Although follow-on patents are great tool to extend market exclusivity, the successful obtaining of follow-on patents depends more or less on continuous research for improvement, which may, sometimes, fail. Brands, protected by trademarks, is another tool to mitigate the revenue loss due to patent cliffs. One heavily discussed strategy discussed is launching a “fighter brand”. Fighter brand is a second brand launched by the owner of a brand drug for a product containing the same active compound as the brand drug but sold at a lower price.
Since the fighter brand strategy is quite new and rarely implemented, many pharmaceutical companies still hesitate about it. The rationale of fighter brand strategy is to grasp different market segments with different price sensitivity using different brands owned by the same company. The success of this strategy depends heavily on the well-established reputation of the original brand and the full-round protection of both the original and the fighter brands by trademarks. After being a monopolist for years before the expiry, the owner of the original brand also accumulated comprehensive information on the doctors’ prescription habits and the level of price sensitivity of the patients. This prior knowledge allows the original brand owner to target the customer with either the original brand or the fighter brand more accurately than generic competitors and retain higher margin on those loyal subscribers with low price sensitivity. Furthermore, the original brand may gradually transit some subscribers into using the fighter brand even before the expiry of the patent so that the subscribers have already built some loyalty to the fighter brand by the time the generic competitors enter the market. Moreover, the superior reputation of the original brand may also benefit the fighter brand, making some loyal subscribers believe the fighter brand launched by the company providing the original brand is of better quality than the generic launched by other brands.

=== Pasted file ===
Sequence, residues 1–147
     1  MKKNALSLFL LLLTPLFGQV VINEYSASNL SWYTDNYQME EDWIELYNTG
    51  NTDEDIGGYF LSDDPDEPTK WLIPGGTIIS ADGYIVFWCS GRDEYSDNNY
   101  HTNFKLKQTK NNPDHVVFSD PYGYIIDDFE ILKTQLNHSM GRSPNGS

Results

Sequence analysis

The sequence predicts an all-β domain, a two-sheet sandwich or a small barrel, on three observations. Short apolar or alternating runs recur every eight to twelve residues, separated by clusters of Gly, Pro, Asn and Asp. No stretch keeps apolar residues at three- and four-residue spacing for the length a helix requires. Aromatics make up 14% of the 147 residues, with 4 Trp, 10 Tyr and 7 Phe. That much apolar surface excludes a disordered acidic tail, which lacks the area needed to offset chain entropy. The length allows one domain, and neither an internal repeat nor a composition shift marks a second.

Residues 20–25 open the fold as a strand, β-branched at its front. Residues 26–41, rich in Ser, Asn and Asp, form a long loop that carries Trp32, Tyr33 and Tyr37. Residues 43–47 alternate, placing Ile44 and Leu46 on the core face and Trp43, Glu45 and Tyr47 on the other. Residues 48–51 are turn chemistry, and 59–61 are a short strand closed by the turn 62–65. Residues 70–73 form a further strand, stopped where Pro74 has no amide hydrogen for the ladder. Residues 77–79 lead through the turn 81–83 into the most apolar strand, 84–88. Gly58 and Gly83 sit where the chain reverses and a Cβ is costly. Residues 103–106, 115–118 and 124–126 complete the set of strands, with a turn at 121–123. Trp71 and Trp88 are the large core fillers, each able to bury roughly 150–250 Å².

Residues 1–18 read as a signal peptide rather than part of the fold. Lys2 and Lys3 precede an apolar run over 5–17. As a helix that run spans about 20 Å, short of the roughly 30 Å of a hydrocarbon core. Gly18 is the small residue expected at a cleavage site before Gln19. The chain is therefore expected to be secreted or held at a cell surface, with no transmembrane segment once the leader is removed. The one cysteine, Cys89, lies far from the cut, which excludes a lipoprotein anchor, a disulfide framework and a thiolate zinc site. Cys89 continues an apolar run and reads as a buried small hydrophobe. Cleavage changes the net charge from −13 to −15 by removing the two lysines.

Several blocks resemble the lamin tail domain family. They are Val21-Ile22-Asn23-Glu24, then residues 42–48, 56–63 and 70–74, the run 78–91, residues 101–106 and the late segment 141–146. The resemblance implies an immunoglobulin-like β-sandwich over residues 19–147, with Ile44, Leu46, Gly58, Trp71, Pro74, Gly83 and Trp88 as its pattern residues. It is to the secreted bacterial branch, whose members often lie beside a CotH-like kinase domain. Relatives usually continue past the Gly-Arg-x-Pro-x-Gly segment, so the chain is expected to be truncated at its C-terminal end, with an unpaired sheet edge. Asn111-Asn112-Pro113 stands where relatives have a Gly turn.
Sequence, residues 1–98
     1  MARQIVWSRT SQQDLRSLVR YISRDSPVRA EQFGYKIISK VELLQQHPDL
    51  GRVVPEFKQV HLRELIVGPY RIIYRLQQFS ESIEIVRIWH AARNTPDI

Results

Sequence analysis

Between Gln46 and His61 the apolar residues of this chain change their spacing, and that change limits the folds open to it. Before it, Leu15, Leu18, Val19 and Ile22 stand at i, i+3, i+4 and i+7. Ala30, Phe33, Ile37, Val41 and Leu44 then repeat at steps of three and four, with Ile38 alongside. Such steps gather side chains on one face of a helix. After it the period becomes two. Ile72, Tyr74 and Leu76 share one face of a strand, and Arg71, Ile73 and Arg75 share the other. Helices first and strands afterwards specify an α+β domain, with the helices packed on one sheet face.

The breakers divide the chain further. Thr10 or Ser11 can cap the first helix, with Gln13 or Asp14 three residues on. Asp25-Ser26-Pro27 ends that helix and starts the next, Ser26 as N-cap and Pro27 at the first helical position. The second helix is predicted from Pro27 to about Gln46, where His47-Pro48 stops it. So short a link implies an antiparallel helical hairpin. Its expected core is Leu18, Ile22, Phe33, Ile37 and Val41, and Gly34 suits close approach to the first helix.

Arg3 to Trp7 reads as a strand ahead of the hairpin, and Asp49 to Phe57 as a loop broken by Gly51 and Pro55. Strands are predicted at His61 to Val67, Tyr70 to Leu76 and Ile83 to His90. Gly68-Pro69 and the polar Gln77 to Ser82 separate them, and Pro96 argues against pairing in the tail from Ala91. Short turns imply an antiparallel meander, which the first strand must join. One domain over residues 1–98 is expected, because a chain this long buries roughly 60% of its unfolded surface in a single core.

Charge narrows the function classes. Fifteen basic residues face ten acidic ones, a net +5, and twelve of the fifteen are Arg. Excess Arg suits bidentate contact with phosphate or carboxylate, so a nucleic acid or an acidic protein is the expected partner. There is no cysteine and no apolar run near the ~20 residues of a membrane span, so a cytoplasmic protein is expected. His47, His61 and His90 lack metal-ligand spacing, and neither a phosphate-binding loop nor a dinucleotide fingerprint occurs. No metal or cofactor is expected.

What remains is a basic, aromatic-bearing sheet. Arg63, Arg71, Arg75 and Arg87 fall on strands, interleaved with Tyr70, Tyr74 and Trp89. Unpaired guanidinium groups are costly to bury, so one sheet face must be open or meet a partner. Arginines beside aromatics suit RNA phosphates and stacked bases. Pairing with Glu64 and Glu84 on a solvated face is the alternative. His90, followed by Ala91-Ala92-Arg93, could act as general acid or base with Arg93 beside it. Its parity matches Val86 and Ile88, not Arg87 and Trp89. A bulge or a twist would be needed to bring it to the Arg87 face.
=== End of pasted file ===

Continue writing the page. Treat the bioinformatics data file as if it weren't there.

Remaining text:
Zocor®, the brand name of simvastatin prescribed to combat high cholesterol and to reduce the risk of coronary heart disease, marketed internationally by Merck & Co. stands out from the very few cases implementing this strategy.
Poked by the pain of the first wave of “patent cliff”, pharmaceutical companies have tried different strategies to defend their revenue, with some success. At the end of the day, a take-home for any company is that a proactive patenting strategy planned at early stage of product life lifecycle is essential for their sustained revenue generation well beyond the initial exclusivity period.